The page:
The three principles of justice as laid out in (1) are the most important part of Rawls’ argument. His definitions of the first two ideas, liberty and equality, suffice to explain the point: “first, each person participating in a practice, or affected by it, has an equal right to the most extensive liberty compatible with a like liberty for all; and second, inequalities are arbitrary unless it is reasonable to expect that they will work out for everyone’s advantage” (p. 462). These principles, Rawls (p. 472) writes, have an absolute weight. That is, they are not dependent upon another factor such as happiness. As for “fair play,” Rawls (p. 468) defines it as a moral duty which—stay with me here!—“implies a constraint on self-interest in particular cases,” as well as is a “necessary part of the criterion for recognizing another as a person with similar interests and feelings as oneself.” In other words, “fair play” is directly tied to the ability to empathize with others! It seems that empathy, then, is needed to facilitate an understanding of justice, which in turn is needed to generate fairness. For more on empathy, see my opinion on Free Speech.

Oh, my goodness! Let’s get an instant replay on that:

Empathy –> Justice –> Fairness

Obviously it’s not that simple, but for our purposes that’s good enough.

What I extrapolate from Rawls’ essay is that it is possible that a practice may be just but unfair, but we cannot have a fair practice that is unjust. (See (2) and (3) above!) For example, slavery can never be fair because it is unjust. A religious institution may be just, but it can be unfair because laymen may not have a say in whether a practice is moral or true (e.g., the division between Catholics and Protestants regarding the Eucharist).

With this foundation in place, we can look at how I personally conceptualize fairness. More often than not, those in powerful positions (i.e., government of institutions) are older, able-bodied white men. That means, for me, that they do not—and likely cannot—empathize with or understand me and my circumstances. What better way to illustrate that these persons in power often do not take the time to listen to those who have a disability or are of a different sexuality or gender or color than the examples of: 2017 protest to Medicaid cuts resulted in 50 arrests of disabled protesters; and the comparison between political and legislative response to a year of BLM protests and the 2021 attempted coup at the Capitol? According to Rawls’ argument for justice as fairness, it is clear that the practice—governing persons and law enforcement of the United States—is perpetuating an UNJUST system, as not everyone has an equal opportunity to create the rules. And, as the formula states, an unjust system can never be fair.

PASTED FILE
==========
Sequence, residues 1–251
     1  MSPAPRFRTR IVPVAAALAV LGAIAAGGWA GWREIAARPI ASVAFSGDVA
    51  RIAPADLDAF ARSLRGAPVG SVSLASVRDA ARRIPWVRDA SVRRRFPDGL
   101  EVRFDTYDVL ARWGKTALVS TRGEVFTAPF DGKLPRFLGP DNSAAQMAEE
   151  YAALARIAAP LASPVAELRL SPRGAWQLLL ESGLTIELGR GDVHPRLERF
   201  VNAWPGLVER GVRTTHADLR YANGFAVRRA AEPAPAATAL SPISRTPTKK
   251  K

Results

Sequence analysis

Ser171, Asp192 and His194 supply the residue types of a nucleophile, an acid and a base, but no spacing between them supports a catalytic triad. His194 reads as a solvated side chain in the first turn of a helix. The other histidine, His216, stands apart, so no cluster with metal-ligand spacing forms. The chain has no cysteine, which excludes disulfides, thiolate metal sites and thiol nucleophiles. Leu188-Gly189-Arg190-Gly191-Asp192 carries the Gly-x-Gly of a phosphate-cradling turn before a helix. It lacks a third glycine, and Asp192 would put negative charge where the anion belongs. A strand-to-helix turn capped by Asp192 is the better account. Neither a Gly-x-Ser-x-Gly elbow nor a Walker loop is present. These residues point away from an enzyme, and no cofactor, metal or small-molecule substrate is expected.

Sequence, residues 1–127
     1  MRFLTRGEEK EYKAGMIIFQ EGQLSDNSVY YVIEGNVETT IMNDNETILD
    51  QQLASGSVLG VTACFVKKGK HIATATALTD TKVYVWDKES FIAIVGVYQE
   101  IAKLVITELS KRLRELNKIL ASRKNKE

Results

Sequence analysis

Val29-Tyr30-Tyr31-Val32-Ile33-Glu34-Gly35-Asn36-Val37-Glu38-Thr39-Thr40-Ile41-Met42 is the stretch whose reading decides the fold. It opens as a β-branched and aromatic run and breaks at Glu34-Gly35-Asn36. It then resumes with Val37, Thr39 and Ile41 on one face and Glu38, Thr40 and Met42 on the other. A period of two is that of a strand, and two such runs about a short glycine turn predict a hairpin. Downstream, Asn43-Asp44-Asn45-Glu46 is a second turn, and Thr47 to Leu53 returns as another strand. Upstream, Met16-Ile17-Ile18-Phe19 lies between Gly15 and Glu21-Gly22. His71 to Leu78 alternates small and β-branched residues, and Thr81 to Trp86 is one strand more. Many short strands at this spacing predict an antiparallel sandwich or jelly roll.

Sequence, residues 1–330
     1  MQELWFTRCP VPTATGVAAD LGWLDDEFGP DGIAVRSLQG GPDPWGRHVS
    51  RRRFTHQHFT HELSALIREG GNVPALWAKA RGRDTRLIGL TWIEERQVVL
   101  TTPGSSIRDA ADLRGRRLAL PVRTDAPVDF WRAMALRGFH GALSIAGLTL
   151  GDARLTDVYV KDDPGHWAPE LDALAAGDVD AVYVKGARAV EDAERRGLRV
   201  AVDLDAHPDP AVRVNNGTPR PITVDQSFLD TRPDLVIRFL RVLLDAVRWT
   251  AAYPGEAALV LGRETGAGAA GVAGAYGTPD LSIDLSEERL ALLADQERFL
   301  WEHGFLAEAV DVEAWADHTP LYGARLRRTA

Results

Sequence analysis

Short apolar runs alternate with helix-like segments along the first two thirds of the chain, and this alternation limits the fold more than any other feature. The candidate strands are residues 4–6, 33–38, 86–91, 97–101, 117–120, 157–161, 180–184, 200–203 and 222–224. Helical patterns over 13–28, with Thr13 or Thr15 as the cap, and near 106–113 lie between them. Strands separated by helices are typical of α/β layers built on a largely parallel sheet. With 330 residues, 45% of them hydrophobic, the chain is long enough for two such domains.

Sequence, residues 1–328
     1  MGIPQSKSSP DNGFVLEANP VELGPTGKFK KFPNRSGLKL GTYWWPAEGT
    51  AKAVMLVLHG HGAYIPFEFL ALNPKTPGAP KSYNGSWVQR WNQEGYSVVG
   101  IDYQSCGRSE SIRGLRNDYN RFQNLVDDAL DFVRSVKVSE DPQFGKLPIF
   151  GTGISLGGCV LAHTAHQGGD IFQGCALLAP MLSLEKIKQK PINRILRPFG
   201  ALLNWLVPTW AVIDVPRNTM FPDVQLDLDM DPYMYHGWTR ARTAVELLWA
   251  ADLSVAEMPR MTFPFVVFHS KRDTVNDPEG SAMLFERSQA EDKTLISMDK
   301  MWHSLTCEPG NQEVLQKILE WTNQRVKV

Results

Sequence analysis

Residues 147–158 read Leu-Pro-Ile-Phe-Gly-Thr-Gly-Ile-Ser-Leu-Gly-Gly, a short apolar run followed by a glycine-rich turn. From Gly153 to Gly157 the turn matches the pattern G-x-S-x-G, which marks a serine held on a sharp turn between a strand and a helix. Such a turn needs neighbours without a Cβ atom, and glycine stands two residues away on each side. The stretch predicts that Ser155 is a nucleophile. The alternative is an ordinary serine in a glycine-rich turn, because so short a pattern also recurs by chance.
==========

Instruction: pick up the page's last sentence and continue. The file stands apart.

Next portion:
Justice means that everyone has a voice of their own—without having to rely on another individual who also speaks for people whose experiences and opinions may not reflect one’s own. Justice means having the same opportunities and means to succeed as everyone else, including those at the top. Fairness means we can have a proper debate about the laws that govern us. Fairness cannot exist without justice.

Do you see where we are here?

-Leigh Ann


John Rawls, “Justice as Fairness,” The Philosophical Review 67 (Duke University Press, 1958), pp. 164 – 94.


Published by modcasters

We’re a group of graduate students studying English Literature and Language on a mission to discuss literature, provide access to those on the deafness and/or blindness spectrum, and rock mustachios.